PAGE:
Final Trip Analysis

We left our home in Union, Kentucky on January 26, 2012.  We spent 292 days or 9-1/2 months on the road, and ended our trip in Wimauma, Florida on November 12, 2012. 

Being the geek that I am, I’ve meticulously logged various aspects of our trip in a spreadsheet.  You may also wish to review my 3-month and 6-month analyses.  This may be a little boring to read, but cross-country RV travellers may find this information to be very useful.

Shadow and Theresa at our campsite in Zion National Park


The highlight of our trip has been hiking in the beautiful natural lands in the western United States, Canada and Alaska.  As our trip has progressed, we’ve hiked in just about every type of natural land there is.  Following are the number of parks we’ve hiked of each type, followed by the number of days hiking in each type of park:

Park Type # of Parks # of Days
National Park 29 81
State Park 24 38
National Monument 11 20
National Forest 9 22
Provincial Park 6 9
Municipal Park 4 5
National Wildlife Refuge 3 4
State Recreation Area 2 4
National Grassland 2 3
National Preserve 1 6
National Scenic Area 1 2
County Park 1 1
National Memorial 1 1
TOTAL 94 196

We spent the most number of days hiking in the following parks:



Our primary activity on this trip has been hiking.  It was one of the key reasons we wanted to take this trip now, as opposed to waiting until we retired.  We wanted to ensure we were healthy enough to hike, climb and thoroughly explore our natural lands.  And we’ve hiked a lot on this trip:

We hiked on 186 of the 292 days, which is about 65% of the days.  We hiked on 308 different trails, which means that on some days we hiked on more than one trail.

We hiked for 835.8 miles, which is about 2.2 million steps at 2 feet per step.  So on average we hiked 4.5 miles per hiking day.

We climbed 135,940 feet of elevation, which is about 25.7 miles, or the equivalent of climbing from base camp to the summit of Mt. Everest a dozen times.  On average we climbed about 731 feet of elevation per hiking day, which is about half the height of the Empire State Building.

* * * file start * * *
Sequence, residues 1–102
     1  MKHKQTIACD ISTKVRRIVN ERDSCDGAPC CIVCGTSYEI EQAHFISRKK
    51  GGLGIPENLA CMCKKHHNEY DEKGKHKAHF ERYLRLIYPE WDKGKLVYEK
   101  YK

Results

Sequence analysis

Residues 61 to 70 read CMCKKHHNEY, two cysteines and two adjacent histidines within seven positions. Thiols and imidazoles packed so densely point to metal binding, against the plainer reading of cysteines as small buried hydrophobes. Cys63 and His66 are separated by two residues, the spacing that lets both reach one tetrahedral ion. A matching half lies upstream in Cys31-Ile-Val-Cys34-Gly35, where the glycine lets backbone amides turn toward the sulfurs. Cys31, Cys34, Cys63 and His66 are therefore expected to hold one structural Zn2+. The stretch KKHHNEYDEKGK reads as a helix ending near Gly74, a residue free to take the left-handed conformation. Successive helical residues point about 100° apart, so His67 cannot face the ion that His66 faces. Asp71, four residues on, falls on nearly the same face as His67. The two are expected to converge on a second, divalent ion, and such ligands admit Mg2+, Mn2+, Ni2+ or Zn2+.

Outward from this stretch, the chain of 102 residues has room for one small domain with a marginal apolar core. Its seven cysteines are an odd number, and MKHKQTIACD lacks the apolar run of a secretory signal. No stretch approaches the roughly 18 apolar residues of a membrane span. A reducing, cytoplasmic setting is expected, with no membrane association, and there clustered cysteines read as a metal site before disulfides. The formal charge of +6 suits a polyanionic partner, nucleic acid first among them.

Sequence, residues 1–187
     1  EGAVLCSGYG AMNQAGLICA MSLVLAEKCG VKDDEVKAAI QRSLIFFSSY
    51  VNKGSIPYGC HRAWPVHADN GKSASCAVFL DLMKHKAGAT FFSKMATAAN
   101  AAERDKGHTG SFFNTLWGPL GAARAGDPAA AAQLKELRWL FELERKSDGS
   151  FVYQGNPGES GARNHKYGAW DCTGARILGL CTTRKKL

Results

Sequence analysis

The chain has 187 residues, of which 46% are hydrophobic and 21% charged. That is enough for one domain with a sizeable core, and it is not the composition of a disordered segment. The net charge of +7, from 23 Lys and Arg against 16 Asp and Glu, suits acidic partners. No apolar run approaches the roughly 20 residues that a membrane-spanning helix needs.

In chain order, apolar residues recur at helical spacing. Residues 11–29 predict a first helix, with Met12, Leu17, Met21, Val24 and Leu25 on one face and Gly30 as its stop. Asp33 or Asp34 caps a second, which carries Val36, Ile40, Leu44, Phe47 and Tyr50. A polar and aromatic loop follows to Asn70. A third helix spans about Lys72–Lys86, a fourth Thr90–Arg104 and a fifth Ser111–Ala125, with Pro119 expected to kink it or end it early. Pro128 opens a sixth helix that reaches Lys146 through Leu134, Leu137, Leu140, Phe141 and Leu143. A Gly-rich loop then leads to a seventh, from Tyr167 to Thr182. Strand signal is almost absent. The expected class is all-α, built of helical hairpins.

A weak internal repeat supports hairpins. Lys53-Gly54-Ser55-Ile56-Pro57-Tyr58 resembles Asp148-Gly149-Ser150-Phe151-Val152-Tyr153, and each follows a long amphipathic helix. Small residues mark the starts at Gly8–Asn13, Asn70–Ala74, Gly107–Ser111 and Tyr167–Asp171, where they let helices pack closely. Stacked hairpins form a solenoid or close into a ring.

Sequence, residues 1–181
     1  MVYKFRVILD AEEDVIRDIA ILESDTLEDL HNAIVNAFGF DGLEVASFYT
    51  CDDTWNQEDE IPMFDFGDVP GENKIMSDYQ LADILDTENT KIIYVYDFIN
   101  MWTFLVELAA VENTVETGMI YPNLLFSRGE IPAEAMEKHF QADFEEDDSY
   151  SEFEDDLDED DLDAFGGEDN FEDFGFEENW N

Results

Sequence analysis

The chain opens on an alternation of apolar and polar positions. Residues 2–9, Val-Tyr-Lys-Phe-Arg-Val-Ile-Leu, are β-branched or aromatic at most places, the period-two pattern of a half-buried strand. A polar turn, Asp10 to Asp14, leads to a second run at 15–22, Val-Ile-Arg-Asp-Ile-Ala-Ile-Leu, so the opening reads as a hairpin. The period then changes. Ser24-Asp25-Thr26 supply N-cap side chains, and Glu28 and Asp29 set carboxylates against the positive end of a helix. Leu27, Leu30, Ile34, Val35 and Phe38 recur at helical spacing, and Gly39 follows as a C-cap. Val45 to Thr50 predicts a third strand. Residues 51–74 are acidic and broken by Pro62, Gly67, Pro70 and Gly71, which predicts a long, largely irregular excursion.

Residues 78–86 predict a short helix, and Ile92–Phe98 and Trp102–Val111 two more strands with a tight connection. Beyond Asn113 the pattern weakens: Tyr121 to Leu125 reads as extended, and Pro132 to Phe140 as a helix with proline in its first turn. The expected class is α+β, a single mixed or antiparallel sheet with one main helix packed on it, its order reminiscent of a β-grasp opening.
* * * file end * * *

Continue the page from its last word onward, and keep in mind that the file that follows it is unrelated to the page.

We hiked for 609.9 hours, which is about 25.4 days.  On average we hiked for about 3 hours 17 minutes per day, which doesn’t seem like a lot to us.  But this average is dragged down by travel days when we did short hikes.

Our net average hiking speed was 1.4 miles per hour, which includes stops for lunch and sightseeing.

Our longest hike was 14.1 miles on the Garibaldi Lake Trail in Garibaldi Provincial Park, British Columbia, Canada.  We hiked on 3 trails over 10 miles in length, and 58 trails at least 5 miles in length.

Our longest amount of time hiking was 8.8 hours also on the Garibaldi Lake Trail.  We hiked for at least 5 hours on 26 different trails.

Our highest climb was 3,570 feet of elevation gain on the Marmot Pass Trail in Olympic National Forest, Washington.  We hiked on 4 trails with over 3000 feet elevation gain, 14 trails with over 2000 feet elevation gain, and 47 trails with over 1000 feet elevation gain.

Our steepest climb was 1,480 feet of elevation gain per mile in the Sage Creek Wilderness in Badlands National Park, South Dakota.  Just as a reference, an elevation gain of 800 feet per mile is considered a “burner,” i.e., a hike on which our thighs and calves “burn” from exertion.  We hiked on 13 trails that were burners from end-to-end, and many more trails that had steep burner sections.

For you dog fans, Darby and Shadow hiked with us on 130 of the 186 days, which is about 70% of our hiking days.  The dogs hiked a total of 488.2 miles, though that number is probably much higher because they wander all over the place when they are off the leash.  The dogs climbed 76,545 feet of elevation, which is about 14.5 miles.  And the dogs hiked for 355.6 hours, which is about 14.8 days.  Note that these hiking figures do not include the dog walks each day off the hiking trails, which would certainly add to the totals.



We’ve never been a big fan of road trips, which is ironic considering that we just drove across the continent.  However, there is no better way to see the country than by driving across it.  In our planning, we estimated that we would drive our RV about 20,000 miles and our SUV about 5,000 miles, for a combined total of 25,000 miles.

We drove two different RVs on this trip because our first RV was destroyed in a traffic accident.  Our original RV was a used 2006 Four Winds Hurricane 31F, Class A, 31 feet long and 18,000 pounds loaded weight.  Our replacement RV is a new 2012 Coachmen Freelander 23CB, Class C, 25 feet long and 12,500 pounds loaded weight.  Our SUV is a 2008 Toyota RAV4, which we towed our behind our RV.

We drove our RVs on 127 of the 292 days, or about 43% of the days.  We didn’t record how many days we drove our SUV, but it was pretty much every day.

We drove our RVs for a combined total of 17,794 miles.  We drove our original RV for 3,029 miles, and our replacement RV for 14,651 miles.

We drove our RVs for a total of 517.5 hours for an average of 34 miles per hour, which includes short stops for grocery shopping, filling up gas, dumping waste tanks, and sightseeing.  However, this does not include longer stops for shopping or hiking.

We drove the SUV for a total of 8,640 miles.  Thus we’ve driven our RVs and SUV for a combined total of 26,434 miles, which was surprisingly close to our original estimate.